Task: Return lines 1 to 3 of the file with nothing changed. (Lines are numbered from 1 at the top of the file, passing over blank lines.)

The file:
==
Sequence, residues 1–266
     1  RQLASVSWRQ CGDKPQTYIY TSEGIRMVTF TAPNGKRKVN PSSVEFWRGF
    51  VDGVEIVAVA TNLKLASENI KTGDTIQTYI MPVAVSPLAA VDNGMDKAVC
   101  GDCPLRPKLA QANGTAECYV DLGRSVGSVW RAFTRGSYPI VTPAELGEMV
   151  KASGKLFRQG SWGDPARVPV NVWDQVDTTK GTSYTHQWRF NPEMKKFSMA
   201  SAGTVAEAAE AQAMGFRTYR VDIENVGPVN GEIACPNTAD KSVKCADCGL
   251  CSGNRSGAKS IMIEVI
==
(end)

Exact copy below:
Sequence, residues 1–266
     1  RQLASVSWRQ CGDKPQTYIY TSEGIRMVTF TAPNGKRKVN PSSVEFWRGF
    51  VDGVEIVAVA TNLKLASENI KTGDTIQTYI MPVAVSPLAA VDNGMDKAVC